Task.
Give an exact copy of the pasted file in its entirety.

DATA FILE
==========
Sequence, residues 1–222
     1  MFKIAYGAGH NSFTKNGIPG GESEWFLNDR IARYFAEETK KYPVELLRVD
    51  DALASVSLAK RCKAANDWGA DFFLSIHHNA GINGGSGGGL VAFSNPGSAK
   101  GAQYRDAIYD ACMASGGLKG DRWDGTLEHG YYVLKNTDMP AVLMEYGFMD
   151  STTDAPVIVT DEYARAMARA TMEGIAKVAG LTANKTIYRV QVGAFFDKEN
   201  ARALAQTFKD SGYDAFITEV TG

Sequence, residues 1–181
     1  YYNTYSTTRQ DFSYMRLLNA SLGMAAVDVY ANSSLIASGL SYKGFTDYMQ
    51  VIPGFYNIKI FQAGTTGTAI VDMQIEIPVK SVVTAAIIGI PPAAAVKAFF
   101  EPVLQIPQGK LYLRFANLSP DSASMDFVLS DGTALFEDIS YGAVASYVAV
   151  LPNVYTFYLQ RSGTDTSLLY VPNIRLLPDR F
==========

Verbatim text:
Sequence, residues 1–222
     1  MFKIAYGAGH NSFTKNGIPG GESEWFLNDR IARYFAEETK KYPVELLRVD
    51  DALASVSLAK RCKAANDWGA DFFLSIHHNA GINGGSGGGL VAFSNPGSAK
   101  GAQYRDAIYD ACMASGGLKG DRWDGTLEHG YYVLKNTDMP AVLMEYGFMD
   151  STTDAPVIVT DEYARAMARA TMEGIAKVAG LTANKTIYRV QVGAFFDKEN
   201  ARALAQTFKD SGYDAFITEV TG

Sequence, residues 1–181
     1  YYNTYSTTRQ DFSYMRLLNA SLGMAAVDVY ANSSLIASGL SYKGFTDYMQ
    51  VIPGFYNIKI FQAGTTGTAI VDMQIEIPVK SVVTAAIIGI PPAAAVKAFF
   101  EPVLQIPQGK LYLRFANLSP DSASMDFVLS DGTALFEDIS YGAVASYVAV
   151  LPNVYTFYLQ RSGTDTSLLY VPNIRLLPDR F